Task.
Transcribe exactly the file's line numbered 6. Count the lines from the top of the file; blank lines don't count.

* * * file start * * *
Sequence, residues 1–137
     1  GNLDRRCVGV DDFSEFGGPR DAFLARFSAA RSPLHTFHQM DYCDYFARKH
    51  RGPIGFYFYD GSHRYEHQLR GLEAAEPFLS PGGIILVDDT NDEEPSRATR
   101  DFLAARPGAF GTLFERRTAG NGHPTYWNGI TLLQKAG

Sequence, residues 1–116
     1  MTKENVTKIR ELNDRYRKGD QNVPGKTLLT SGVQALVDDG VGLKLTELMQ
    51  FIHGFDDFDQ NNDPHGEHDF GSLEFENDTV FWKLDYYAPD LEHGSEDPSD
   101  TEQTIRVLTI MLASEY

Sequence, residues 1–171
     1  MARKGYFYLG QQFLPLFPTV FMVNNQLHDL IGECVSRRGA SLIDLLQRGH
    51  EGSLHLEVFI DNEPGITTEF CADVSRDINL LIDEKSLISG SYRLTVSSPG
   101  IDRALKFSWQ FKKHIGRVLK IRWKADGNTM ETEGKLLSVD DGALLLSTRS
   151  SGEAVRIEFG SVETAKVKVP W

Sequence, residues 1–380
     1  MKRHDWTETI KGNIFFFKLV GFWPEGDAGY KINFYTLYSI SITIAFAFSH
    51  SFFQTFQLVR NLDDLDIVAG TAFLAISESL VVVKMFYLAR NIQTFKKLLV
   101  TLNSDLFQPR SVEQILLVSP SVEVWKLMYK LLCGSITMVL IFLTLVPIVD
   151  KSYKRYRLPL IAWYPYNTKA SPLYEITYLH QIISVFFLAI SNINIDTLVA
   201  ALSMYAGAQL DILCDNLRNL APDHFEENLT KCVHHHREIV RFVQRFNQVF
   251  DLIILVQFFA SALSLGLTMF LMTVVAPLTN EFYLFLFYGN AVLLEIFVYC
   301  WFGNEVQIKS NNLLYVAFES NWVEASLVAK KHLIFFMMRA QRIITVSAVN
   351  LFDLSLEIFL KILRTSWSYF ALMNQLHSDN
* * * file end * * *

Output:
     1  MTKENVTKIR ELNDRYRKGD QNVPGKTLLT SGVQALVDDG VGLKLTELMQ